Seagate-Maxtor Bid Elicits Concerns
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While Seagate officials fervently described how good its purchase of rival hard disk drive (HDD) maker Maxtor will be for the company, the bid left some analysts scratching their heads.
Seagate executives stressed that the $1.9 billion acquisition of Maxtor would help Seagate achieve greater scale, reduce product costs and allow it to offer more innovative products at more competitive prices.
But that position raises an interesting question: Who will Seagate compete against if the HDD powers keep picking each other off?
Consider this: Seagate has the lion's share of 30 percent of the HDD market, according to researcher iSuppli. Western Digital and Hitachi follow with about 18 percent and 15.5 percent, respectively. Maxtor rounds out the top four at 13.5 percent. Should Seagate successfully consume Maxtor, it will have almost half the market.
Analysts like Taneja Group Founder Arun Taneja find this notion lamentable.
"Look at the way the hard disk drive market has gone now over the last 20 years," Taneja said in an interview after Seagate announced its intent to buy Maxtor. "None of the guys in the industry have consistently made money. They have not found the formula. All they seem to do is consolidate. This is just another example of that."
"For whatever reason, the whole industry seems to fight on price and that's what causes these companies to continue to consolidate," he continued. "I'm not sure if it's very good for the end user in the final run because it limits choice."
He isn't alone in his observation, according to Pund-IT analyst Charles King.
"I think that over the last couple of years, it's become obvious the disk drive has been going through the same commoditization pressures that were commonly associated with the processor market a few years ago," King said.
King added, "It's notable to see what happens as larger vendors who may have started with a technology, or really depended on it for quite a while, eventually abandon that technology as it becomes harder and harder to make a buck there. IBM's sale of its HDD unit to Hitachi a couple of years was a signal of sorts that that kind of thing was happening."
But Taneja said the consolidation isn't relegated to HDDs. He wondered how mergers and acquisitions in other parts of the storage sphere will affect customer choice.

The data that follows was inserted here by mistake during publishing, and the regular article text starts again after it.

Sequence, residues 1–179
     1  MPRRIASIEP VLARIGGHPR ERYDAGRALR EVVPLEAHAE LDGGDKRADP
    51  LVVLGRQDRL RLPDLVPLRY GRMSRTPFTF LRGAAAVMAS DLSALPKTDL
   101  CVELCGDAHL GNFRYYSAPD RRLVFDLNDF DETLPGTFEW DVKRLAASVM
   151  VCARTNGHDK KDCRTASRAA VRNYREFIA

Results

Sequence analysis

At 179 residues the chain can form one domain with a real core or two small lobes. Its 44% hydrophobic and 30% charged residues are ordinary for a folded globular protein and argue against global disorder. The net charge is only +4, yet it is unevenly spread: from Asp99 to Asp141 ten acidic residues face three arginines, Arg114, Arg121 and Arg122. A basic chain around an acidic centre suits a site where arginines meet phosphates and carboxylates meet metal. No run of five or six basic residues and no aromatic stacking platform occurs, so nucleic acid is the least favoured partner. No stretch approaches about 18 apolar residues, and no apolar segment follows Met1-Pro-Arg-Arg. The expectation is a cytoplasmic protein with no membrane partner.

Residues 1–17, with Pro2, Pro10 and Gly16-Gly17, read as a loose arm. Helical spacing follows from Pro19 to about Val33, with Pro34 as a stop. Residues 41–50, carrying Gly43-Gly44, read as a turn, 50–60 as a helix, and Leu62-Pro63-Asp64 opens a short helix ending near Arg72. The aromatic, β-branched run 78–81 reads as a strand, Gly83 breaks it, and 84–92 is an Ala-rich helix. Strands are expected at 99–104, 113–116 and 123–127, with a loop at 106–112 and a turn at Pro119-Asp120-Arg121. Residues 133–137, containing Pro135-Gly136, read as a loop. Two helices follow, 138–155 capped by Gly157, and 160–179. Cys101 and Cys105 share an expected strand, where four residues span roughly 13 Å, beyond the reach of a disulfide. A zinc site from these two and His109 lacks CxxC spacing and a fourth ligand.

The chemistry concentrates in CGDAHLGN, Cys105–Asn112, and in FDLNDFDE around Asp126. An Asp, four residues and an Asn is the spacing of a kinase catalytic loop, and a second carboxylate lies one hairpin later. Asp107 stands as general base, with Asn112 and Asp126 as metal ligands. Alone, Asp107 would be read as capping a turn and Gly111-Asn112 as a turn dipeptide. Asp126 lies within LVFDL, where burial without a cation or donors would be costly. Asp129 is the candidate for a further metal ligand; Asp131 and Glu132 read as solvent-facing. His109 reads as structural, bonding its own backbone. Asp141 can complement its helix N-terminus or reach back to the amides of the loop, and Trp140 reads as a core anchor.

"I'm concerned about the storage industry becoming more and more of an oligopoly," Taneja said. " I think this is one more step. Look at the market for fiber channel HBAs [host bus adapters]. It's basically two companies -- Emulex and QLogic -- that hold 75 or 80 percent of the market."
"The same thing is holding true if you look at the large, monolithic disk arrays. That market is between EMC, HDS and IBM. Sun and HP buy and resell HDS. Those three have got the whole market covered."
Still, Taneja said the increasing paucity of HDD vendors makes him wonder if the space is eventually headed to a showdown between two vendors, where customers are faced with more of a Coke or Pepsi, or Republican or Democrat type of market.
Not to denigrate Seagate for its latest move, both King and Taneja said.
"This will probably centralize operations for Seagate and help them drive additional savings," King reasoned. "Over time it could help bring the prices of drives down more so than we've seen up until now."
That was certainly the thinking behind the deal, according to Seagate CEO Bill Watkins.
"This has been a competitive industry and always will be," Watkins said on a conference call to sell the deal to investors Wednesday. "We anticipate a competitive industry as we go forward, requiring increasing resources to offer all of the products to a growing customer base."
"My hat's off to Seagate," Taneja said. "In spite of the fact that they are a very large company, their nimbleness has been surprising to me. There's a bunch of other programs that they are in the middle of that I'm aware of that are not public yet, but they are very impressive."
Until then, stay tuned for 2006.